I just got back from a work-related trip to China that involved a lot of official and hosted dinners. What that means is lots of meals with more food than you can imagine, platters and platters of it being delivered to the table in an endless procession. It’s all served family style, placed on a turn-table that allows you to spin the dish you want to the spot in front of you.
The focus is on the guests’ enjoyment, and it’s a cultural expectation that there will be more food than can comfortably be eaten. If the plates were cleaned that would indicate poor planning, insufficient food for everyone to feel satisfied.
As a vegan among omnivores, this arrangement challenged me on several levels. First, the most obvious: vegan / vegetarian cuisine is not as readily available in China (or easy to explain) as you might think. I’d been warned ahead of hidden animal products–minced meat tossed in with veggies (which I never encountered), animal stock as the base for soups (yes, on a number of occasions), veggies possibly cooked in animal fat or stock, that sort of thing.
There was also the issue of protein. Since the cuisine (at least in the area where we were) relies heavily on meat, fish, and poultry, there is little need for the locals to worry about protein sources. Yes, you can get tofu and I did have some other legumes at one point (a local bean dish that was quite good), but I never really get around to communicating clearly about the difference between a vegetable dish and a vegetarian dish that includes protein.
I also felt painfully conscious of my desire to be a gracious guest. What happened most frequently at these meals was that, recognizing that I had special needs, the vegetable dishes would suddenly start arriving en masse on the table. And everyone would nudge them my way — “here, we ordered this one for you…” Protein or not, there was a heck of a lot of food coming my way and I had at least to try all of it.
Shortly into the trip, probably at the second hosted meal, it dawned on me that the top struggle I confronted was that I simply do not like being ordered for. I may be an intuitive eater, but I am happiest when I get to choose what foods are put in front of me. This is not to say I don’t mind trying new things, but entire meals (indeed, a series of entire meals) consisting of new things in which I had no say, turn out to be unbelievably stressful for me. This is not something I’d ever been consciously aware of quite to this degree before because I have never had so many meals in a row of this kind.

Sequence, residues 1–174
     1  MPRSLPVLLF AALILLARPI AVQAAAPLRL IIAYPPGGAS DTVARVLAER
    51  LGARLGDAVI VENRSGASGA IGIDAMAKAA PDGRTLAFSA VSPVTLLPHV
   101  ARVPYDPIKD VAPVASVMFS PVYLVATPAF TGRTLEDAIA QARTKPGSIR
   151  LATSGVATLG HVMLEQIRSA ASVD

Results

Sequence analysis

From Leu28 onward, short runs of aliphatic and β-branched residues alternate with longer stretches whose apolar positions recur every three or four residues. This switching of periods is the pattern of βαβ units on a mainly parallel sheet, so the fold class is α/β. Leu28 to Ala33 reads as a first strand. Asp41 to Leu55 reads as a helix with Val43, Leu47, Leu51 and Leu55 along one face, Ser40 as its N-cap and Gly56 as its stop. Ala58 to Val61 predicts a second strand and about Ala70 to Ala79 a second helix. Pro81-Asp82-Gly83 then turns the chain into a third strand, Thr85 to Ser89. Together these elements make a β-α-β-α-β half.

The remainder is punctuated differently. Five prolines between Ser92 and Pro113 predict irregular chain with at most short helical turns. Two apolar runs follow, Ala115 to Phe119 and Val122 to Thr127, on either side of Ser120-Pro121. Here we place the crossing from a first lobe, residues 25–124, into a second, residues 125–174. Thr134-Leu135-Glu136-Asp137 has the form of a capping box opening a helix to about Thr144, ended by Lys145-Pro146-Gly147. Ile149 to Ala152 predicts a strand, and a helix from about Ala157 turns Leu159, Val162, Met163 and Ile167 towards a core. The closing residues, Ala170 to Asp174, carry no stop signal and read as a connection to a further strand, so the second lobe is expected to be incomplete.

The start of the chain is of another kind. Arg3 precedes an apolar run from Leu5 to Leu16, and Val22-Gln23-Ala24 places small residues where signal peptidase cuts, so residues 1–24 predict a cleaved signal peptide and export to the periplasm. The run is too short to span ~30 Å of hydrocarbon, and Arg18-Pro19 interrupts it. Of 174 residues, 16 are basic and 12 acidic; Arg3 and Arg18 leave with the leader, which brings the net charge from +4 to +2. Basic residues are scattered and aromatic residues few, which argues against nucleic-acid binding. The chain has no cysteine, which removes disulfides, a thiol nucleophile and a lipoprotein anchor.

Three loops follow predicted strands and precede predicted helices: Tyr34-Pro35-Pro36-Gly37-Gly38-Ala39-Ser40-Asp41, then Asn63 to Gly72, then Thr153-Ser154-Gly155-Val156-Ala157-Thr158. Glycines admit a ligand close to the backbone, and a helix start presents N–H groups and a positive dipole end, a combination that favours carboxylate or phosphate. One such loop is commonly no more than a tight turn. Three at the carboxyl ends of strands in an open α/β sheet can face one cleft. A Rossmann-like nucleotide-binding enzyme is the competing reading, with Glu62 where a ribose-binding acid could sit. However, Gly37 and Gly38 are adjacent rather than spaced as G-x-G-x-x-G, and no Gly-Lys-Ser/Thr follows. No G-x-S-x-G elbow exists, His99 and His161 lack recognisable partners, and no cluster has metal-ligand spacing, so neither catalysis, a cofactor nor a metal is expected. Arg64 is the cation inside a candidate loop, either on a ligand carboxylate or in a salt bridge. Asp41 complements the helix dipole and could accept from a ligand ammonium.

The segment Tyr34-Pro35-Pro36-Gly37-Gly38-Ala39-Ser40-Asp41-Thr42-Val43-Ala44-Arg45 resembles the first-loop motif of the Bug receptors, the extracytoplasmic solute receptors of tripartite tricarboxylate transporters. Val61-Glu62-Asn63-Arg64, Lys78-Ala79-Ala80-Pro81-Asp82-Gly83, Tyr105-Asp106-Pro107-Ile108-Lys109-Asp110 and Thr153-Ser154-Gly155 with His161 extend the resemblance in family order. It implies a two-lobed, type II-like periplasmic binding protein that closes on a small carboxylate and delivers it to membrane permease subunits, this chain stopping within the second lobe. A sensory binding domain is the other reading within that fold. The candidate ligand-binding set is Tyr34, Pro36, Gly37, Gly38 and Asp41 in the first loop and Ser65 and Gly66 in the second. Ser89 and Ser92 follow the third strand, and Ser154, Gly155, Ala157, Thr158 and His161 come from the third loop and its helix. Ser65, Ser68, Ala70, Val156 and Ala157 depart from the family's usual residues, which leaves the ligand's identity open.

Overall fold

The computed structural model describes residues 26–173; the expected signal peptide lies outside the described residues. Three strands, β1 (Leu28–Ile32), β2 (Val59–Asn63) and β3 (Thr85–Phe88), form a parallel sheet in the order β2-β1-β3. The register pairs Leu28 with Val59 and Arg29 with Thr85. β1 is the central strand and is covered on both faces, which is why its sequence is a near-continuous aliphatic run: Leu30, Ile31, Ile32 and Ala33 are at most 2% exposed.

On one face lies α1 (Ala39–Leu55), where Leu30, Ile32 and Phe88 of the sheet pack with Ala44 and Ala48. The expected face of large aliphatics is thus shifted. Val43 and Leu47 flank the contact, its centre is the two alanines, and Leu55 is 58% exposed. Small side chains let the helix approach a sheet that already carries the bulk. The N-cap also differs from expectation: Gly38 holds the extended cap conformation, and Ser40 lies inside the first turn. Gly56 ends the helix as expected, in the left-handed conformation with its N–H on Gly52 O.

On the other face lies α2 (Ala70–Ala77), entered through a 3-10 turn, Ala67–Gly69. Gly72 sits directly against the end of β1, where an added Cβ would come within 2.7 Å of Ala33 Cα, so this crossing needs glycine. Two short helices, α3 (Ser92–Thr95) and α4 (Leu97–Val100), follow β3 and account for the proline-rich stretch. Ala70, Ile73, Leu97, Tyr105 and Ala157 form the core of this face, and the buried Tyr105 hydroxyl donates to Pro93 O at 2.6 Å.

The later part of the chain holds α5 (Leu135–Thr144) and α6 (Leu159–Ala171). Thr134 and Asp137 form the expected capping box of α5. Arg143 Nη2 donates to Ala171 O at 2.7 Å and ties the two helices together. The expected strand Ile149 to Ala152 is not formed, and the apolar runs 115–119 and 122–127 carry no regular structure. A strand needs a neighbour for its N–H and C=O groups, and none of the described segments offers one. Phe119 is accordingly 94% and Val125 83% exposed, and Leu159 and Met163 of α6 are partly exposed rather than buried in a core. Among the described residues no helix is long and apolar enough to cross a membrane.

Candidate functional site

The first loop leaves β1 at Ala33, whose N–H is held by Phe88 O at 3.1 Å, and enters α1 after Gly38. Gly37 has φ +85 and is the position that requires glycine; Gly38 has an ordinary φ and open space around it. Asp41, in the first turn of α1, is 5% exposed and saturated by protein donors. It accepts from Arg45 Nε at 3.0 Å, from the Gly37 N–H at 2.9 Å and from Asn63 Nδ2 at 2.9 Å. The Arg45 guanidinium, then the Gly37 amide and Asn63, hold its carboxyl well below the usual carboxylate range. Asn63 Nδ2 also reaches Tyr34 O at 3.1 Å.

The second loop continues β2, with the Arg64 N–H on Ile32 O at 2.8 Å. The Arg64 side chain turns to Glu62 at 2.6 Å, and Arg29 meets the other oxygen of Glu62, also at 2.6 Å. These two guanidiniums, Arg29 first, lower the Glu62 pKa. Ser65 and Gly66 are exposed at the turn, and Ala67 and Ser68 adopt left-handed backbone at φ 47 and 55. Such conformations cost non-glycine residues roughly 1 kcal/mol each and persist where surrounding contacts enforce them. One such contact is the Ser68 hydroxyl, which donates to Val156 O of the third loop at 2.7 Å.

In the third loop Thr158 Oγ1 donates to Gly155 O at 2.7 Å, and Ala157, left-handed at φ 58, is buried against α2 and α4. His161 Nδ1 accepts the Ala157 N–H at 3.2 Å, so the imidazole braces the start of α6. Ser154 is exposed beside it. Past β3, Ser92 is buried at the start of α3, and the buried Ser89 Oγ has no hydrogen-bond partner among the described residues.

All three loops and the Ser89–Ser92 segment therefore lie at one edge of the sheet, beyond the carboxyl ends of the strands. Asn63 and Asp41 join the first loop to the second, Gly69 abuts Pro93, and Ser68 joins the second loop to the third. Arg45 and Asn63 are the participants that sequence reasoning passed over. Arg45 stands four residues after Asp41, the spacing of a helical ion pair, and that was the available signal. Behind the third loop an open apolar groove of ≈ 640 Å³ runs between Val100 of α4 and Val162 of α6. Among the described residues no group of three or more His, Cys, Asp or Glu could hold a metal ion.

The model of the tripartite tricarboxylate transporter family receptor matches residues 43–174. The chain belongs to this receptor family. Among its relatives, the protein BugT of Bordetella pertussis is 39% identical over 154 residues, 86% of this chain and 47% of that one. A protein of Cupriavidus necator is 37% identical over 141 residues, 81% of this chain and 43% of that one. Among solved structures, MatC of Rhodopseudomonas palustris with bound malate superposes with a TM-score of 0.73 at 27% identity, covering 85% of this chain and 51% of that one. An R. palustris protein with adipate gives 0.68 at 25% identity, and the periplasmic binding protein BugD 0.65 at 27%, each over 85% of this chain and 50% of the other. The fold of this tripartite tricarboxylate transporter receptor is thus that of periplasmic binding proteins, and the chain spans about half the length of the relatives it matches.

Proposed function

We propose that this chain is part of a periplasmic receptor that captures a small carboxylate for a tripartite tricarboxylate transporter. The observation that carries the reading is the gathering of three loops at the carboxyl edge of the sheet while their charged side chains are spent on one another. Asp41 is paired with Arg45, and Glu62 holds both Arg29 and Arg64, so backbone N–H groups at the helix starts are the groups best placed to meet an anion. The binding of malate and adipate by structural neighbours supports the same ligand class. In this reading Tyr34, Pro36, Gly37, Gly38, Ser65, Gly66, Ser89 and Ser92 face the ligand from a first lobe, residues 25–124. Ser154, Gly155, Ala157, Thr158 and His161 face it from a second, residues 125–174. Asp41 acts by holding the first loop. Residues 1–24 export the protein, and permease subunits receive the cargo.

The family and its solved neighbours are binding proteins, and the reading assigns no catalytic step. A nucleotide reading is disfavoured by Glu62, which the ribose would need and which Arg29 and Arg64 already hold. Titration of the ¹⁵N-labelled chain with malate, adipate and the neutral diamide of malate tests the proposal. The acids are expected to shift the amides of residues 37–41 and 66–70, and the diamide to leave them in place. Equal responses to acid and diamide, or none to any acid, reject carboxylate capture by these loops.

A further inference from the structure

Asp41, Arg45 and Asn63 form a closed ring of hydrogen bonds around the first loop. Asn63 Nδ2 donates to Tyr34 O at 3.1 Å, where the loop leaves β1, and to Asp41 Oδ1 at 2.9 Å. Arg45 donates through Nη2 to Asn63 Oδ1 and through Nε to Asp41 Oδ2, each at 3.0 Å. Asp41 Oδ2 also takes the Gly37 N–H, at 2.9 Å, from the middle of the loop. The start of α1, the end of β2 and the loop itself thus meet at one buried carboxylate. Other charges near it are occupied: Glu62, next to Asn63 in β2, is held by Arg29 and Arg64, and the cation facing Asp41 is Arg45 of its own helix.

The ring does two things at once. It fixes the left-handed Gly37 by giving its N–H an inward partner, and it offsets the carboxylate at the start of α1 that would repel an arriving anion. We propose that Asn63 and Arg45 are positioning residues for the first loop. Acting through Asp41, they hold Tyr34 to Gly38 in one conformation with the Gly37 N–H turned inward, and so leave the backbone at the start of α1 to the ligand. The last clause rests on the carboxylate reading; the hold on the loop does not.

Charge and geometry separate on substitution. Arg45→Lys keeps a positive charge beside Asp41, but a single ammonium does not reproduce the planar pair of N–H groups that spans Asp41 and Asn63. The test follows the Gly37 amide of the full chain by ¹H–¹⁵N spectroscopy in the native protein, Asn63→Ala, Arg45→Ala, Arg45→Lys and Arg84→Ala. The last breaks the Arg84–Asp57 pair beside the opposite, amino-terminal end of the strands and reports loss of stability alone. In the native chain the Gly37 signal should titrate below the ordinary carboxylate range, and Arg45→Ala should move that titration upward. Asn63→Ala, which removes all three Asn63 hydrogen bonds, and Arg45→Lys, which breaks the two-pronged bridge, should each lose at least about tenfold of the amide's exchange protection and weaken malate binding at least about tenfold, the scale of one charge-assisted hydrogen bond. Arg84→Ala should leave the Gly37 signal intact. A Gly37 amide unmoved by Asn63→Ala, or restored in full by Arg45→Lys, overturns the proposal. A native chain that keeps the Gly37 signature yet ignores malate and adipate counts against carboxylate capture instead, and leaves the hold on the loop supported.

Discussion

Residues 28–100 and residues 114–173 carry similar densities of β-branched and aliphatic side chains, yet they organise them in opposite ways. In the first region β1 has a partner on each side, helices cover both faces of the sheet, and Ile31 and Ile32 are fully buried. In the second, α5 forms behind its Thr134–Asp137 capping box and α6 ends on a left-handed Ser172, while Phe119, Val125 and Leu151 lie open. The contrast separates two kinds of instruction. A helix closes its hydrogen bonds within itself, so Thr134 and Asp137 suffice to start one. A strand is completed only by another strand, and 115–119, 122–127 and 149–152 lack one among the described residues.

It was like the perfect storm of uncomfortable food circumstances for me: incredibly large amounts of new foods, many of which were ordered specifically with me in mind while I remained unconvinced that my vegan needs had been successfully communicated and at the same time keenly aware that I was a guest (and manners matter to me).
I also like to think I’m at least a little bit cosmopolitan and I am for a fact well-traveled, so it’s always a shock to me when I struggle in a new country (with something as basic as the food). This has happened to me in a serious way only once before, and that’s when I went to Tanzania shortly after becoming vegan. There, it seemed like a ridiculous abuse of privilege to insist on vegan food everywhere that I actually stopped doing it while there.
I’ve always associated food control issues with the diet mentality. But I don’t eat that way anymore. I’ve thoroughly converted intuitive eating. But if you think of intuitive eating as eating what you want, when you’re hungry, in amounts that satisfy, it makes sense that when practiced that way it requires some control over the what, when, and how much of eating.
And that is exactly what was absent on this trip. From the first meal, I almost never felt hungry on this trip because there was just so much food at the hosted dinners and lunches. I’m not the only one who felt this way. The colleagues I traveled with had similar feelings of not being hungry. Towards the end of the trip, we actually skipped dinner three nights in a row, one of the nights after walking 10K through the streets of Suzhou.
I’m not down on myself for having this need to have a say in what I choose to eat, when I choose to eat it, and how much of it I eat. Yes, I recognize it as a “control issue,” but I’m okay with that even if it surprised me when I experienced it so acutely in China. I didn’t have it one bit in India, but that’s because it’s one of the easiest places in the world to be vegan and for the most part I was able to communicate more clearly what I needed — less of a language barrier and far fewer hosted meals. Culturally and linguistically, China was more difficult for me to navigate. I imagine with return visits and some strategic language learning, I will do better than I did this time.
One thing I cannot complain about at all is the abundance of fresh fruit available in China. And they have the every best pears I’ve ever eaten anywhere — juicy, sweet, textured, and bursting with flavour.
Do you think of yourself as controlling or relaxed about your food choices?